As plastic parts and their manufacturing capabilities have increased, the industry has been moving to replace metal components with this alternative. But many potential plastic conversions still exist, often because they have always been made of metal. When the clear advantages that plastic parts offer over metal are explored, many companies discover the potential for immediate cost savings and greater design flexibility that can lead to a broader application market. Let’s look at eight advantages that plastic components have over their metal counterparts.
Plastic Conversions: Lowered Manufacturing Cost
One of the critical advantages that metal to plastic conversions provide is a lowered manufacturing cost. This is because multiple metal components can be converted to a single plastic mold. The alternative of making components out of metal and welding them together is an expensive process.
Even a simple metal component that is converted to plastic saves the cost of additional finishing that is often required for final fit.
Increased Functional Durability
Metal joints that require machining to be usable in metal are seamless by nature in the injection molded counterpart. When these parts are used in a fluid handling system, there is less of a chance that the joint will fail during operation.
The increased likelihood of operational success saves money that would otherwise be lost in system downtime and parts replacement. This helps with the maintenance cost when the solid plastic parts are used instead of the built-up metal component.
Increased Part Dimensional Tolerances
Plastic parts created with advanced injection molding processes can be made to an exacting size. This means they can be produced with tight tolerances. In most cases, they require no machining to be an exact fit with less slack than a comparable metal component provides.
This capability creates an end product that has a better overall fit and finish as compared to the same product created with conventional manufactured metal components.
Plastic parts are quieter in nature than their metal alternatives. In many cases, sheet metal applications will require the addition of sound dampeners in order to create a finished product. Vibration and stress movement can generate noise in metal components, most of which can be avoided by using plastic. This is an often overlooked advantage of plastic conversions.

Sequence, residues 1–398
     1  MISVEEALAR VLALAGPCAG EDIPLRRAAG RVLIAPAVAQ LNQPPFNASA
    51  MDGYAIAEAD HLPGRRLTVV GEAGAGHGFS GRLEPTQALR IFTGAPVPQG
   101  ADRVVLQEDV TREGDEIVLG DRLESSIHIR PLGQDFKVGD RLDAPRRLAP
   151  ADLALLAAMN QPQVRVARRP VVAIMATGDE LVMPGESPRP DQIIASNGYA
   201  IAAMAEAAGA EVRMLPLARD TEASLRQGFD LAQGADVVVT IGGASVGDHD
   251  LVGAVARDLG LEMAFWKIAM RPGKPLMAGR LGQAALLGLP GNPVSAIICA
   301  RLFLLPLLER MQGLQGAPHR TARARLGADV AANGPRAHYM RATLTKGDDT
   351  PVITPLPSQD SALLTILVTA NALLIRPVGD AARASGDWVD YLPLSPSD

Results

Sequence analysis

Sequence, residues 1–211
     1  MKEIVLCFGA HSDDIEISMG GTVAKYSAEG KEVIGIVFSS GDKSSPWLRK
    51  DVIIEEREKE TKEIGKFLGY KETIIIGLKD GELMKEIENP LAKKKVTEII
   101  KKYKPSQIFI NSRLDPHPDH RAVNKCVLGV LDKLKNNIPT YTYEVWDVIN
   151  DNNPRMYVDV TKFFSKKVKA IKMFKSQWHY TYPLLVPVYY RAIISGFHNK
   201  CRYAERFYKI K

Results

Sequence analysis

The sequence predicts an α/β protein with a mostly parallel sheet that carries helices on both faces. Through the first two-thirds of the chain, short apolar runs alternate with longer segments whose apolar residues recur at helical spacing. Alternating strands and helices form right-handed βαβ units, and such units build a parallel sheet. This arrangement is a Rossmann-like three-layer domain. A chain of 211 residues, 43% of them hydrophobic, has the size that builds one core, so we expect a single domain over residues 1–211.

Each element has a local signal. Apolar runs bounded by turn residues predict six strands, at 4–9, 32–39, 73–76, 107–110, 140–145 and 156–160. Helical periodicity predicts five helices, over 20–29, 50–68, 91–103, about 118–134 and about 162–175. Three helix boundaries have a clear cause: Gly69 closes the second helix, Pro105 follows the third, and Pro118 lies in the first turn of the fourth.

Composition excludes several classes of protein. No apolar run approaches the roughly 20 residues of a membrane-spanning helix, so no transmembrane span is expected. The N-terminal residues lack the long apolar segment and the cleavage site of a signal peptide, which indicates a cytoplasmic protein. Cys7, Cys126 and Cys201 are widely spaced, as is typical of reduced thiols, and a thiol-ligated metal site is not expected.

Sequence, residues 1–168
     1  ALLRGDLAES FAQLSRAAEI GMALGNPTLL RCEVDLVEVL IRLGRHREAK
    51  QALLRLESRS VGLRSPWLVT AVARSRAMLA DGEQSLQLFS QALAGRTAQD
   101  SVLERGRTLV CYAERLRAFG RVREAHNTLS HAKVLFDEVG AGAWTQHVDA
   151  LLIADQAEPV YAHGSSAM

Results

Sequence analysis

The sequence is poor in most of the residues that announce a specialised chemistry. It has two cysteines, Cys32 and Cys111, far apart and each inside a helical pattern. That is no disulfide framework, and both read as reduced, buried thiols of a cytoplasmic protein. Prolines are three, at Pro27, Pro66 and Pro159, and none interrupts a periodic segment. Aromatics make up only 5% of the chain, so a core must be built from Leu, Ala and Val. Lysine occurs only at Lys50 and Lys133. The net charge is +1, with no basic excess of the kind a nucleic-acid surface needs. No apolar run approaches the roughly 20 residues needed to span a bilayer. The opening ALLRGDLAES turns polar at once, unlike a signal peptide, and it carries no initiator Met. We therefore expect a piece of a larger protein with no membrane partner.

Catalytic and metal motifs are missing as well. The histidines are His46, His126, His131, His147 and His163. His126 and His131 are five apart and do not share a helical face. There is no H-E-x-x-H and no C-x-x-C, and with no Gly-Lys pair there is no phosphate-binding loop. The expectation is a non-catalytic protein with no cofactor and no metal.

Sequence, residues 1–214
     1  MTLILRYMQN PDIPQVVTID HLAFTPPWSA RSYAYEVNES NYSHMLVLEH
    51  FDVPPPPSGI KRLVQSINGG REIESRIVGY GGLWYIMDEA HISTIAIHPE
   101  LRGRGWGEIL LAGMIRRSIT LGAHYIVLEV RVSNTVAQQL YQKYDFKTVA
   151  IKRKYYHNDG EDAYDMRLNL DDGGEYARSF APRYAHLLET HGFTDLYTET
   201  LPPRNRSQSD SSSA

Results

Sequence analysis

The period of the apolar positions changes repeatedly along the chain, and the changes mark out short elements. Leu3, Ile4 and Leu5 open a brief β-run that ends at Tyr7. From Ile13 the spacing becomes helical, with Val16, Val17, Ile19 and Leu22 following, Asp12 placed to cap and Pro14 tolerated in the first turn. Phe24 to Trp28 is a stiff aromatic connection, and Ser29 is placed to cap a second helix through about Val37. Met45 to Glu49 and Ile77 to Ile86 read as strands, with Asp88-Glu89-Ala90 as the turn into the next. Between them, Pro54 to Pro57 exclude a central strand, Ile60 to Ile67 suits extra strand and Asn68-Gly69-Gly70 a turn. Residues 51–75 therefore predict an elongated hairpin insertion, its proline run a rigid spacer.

Increased Design Flexibility
Plastic parts made with injection molding can easily have a design that would be difficult to build in metal. Since the design isn’t limited by machining requirements or metal fabrication, it allows for a more complex one that is potentially more adaptable to the need at hand. The capability of a more complex design allows for a wider range of possible applications.
The use of plastic parts in an actuated assembly can eliminate the need for lubrication, whereas it would be a requirement for their metal-on-metal counterpart. By removing the need for lubrication, mechanics can be designed that are tighter and easier to assemble.
Resistance to High Temperatures and Chemicals
Today’s plastics have amazing resistance to both high temperature and chemicals. Metal can change tolerance if it is exposed to a large change in temperature. This can impact performance in mechanical assemblies, where plastic components would see little to no change.
Resistance to chemicals is important in many industrial applications. In some cases, a metal part is coated in order to protect it from the conditions present. As wear increases on the component, the protection may be lost, causing an acceleration of failure. Since the plastic alternative is inherently unaffected by the conditions, it will continue to perform without degradation.
Reduced Part Weight
If you compare two similar components, you will find that the plastic component weighs less than its metal counterpart. But since the plastic alternative can be engineered with internal braces and strength points instead of a solid construction, it can be made even stronger while weighing less.
Lower Packaging and Shipping costs
Since a plastic component can be created that weighs substantially less than its metal version, it can also be packaged and shipped at a much lower cost. Items that have a large weight must be packaged in a way that is more durable in order to protect the item during handling.
Lighter components are easier to handle, making protection less of an issue. They will also do less damage to themselves and their surroundings if dropped during shipping. This becomes an even bigger issue when a volume of parts are shipped since packaging must account for the stacking weight of the components.
Naturally, shipping a lower weight is going to cost less than the alternative that can weigh much more. Even in today’s industrial shipping where dimensional weight calculations are used, the weight differences are enough to provide substantial savings.
Contact Proto Plastics today to learn how metal to plastic conversions can save you money and increase your design flexibility.